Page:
• Sunset view of Glacier Bay and the surrounding Fairweather Mountains.

    Glacier Bay

    National Park & Preserve Alaska

Welcome to the Naturalist Blog

June 25, 2013 Posted by: Ranger Amanda

 As a seasonal interpretive park ranger I am lucky enough to live, work, and play in Glacier Bay National Park and Preserve.  3.3 million acres of mountains, glaciers, and ocean make up my back yard. I live on the edge of two drastically different worlds.  It is easy to paddle out into a remote wilderness where I am unlikely to see another human being.  During the work week I am an ambassador for the harbor seals, tufted puffins, even for the glaciers themselves aboard cruise ships visiting the park.  My colleagues and I board vessels to provide context for visitors during their explorations of Glacier Bay.

cruise visitors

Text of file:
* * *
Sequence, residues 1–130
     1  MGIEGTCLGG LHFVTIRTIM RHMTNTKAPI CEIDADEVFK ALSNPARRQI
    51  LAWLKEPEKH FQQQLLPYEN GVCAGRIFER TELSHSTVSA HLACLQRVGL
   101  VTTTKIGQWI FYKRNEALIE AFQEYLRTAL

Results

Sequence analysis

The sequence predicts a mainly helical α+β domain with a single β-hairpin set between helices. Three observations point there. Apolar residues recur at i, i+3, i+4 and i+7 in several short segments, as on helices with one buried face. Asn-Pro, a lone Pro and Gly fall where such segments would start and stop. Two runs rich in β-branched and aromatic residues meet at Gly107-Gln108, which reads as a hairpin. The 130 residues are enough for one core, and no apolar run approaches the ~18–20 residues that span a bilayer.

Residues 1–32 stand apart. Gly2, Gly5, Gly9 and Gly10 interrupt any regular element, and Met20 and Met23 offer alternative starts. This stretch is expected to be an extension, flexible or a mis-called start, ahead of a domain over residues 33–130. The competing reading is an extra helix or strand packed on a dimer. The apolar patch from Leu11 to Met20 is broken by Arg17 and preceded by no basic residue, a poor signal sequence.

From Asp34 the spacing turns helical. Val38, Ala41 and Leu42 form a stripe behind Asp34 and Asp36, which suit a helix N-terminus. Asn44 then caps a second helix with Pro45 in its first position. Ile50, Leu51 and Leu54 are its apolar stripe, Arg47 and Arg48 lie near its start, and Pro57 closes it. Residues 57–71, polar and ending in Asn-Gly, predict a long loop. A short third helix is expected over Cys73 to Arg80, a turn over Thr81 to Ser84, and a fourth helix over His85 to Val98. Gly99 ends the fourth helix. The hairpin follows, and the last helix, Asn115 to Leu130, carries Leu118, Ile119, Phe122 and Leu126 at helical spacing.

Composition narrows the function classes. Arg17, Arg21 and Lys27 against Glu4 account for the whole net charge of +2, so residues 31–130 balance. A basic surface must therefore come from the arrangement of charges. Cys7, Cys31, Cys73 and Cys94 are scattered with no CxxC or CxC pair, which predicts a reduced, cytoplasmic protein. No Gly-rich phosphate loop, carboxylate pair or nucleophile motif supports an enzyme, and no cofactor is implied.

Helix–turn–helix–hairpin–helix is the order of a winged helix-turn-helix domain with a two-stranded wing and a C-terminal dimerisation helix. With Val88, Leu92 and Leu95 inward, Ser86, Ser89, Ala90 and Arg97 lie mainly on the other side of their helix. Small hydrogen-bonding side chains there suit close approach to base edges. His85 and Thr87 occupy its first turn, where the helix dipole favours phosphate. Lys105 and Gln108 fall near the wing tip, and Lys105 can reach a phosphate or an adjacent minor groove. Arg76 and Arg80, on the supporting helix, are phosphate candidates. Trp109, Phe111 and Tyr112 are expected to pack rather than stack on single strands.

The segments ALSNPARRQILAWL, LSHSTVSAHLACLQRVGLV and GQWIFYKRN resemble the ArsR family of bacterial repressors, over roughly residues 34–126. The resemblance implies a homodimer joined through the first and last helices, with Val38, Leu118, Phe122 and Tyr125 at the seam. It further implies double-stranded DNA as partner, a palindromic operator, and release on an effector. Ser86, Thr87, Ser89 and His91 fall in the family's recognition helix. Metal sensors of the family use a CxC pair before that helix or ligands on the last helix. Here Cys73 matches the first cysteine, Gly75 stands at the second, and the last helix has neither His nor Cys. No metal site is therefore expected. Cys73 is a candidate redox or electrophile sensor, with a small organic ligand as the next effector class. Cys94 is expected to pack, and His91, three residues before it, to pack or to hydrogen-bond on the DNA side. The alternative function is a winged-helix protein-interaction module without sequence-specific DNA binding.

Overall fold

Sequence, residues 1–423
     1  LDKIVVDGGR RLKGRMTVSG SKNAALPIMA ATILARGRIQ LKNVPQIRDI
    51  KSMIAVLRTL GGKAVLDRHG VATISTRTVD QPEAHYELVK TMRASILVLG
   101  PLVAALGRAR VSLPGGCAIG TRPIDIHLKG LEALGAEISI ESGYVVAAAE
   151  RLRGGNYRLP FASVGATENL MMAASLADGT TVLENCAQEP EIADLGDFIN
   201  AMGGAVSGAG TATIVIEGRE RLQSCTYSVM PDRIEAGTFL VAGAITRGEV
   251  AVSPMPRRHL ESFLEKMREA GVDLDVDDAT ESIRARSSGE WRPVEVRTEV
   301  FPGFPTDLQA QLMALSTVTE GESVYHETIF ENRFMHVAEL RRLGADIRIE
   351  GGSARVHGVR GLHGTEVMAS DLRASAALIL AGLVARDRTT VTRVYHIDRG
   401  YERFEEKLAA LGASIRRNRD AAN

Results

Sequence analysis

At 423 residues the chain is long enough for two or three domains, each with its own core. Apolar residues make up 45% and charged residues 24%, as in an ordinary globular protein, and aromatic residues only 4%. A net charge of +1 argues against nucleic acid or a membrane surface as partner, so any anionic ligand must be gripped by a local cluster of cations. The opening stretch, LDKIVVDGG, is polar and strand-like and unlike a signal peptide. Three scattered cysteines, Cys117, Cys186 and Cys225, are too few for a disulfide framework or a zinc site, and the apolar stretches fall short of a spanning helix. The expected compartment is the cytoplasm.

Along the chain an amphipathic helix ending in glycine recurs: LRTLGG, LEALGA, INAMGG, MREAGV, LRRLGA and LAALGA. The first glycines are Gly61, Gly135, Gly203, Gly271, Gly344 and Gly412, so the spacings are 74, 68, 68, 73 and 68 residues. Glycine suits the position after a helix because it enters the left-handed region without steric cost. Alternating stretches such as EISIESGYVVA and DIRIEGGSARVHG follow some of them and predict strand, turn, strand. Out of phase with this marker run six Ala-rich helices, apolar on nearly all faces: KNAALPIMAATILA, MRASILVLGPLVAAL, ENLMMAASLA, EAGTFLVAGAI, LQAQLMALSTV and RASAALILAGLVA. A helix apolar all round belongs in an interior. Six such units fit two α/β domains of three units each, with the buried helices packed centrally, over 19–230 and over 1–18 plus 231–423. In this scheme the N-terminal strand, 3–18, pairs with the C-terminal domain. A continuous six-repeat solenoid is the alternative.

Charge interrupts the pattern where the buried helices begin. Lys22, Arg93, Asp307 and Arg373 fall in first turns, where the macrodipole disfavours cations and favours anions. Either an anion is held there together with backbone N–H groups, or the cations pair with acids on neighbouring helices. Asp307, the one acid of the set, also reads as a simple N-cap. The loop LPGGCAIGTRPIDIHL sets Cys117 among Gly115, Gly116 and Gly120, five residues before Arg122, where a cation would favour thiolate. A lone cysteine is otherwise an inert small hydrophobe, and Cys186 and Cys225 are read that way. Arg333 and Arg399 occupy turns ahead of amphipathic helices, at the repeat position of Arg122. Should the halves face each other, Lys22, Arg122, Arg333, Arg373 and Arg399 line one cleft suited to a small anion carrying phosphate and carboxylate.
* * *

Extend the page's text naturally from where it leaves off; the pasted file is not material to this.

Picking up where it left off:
I am often asked what brought me all the way out here to live and work in such a remote national park as Glacier Bay.  Initially the remoteness, beauty, and wildness of this place attracted my attention.  Now that I am here I am beginning to understand how truly significant Glacier Bay is.  It is in natural settings like those found here that I learn lessons the most profound and personal.  In Glacier Bay I am able to fully connect to our world.  Whether paddling a kayak through bergy bits (smaller versions of icebergs) in front of a glacier or hiking through the forest in Bartlett Cove it seems that time could very well stop moving.  The only reminders of time's passage in the forest are the playful dance of rays of light around tree trunks and the occasional trills of a bird.  As you eventually slow to natural speed you begin to notice a tiny spider diligently tending its web.  The world around you shifts into focus.  Your regular world of worries and next weeks fades into obscurity.  You become fascinated with the abundant life all around and notice that you even feel more alive.

mossy forest


Did You Know?

Red Squirrel

A red squirrel eats the seeds of about 144 spruce cones each day. This diet allows red squirrels to thrive in the spruce-dominated forests of Lower Glacier Bay. How many spruce cones do you eat each day?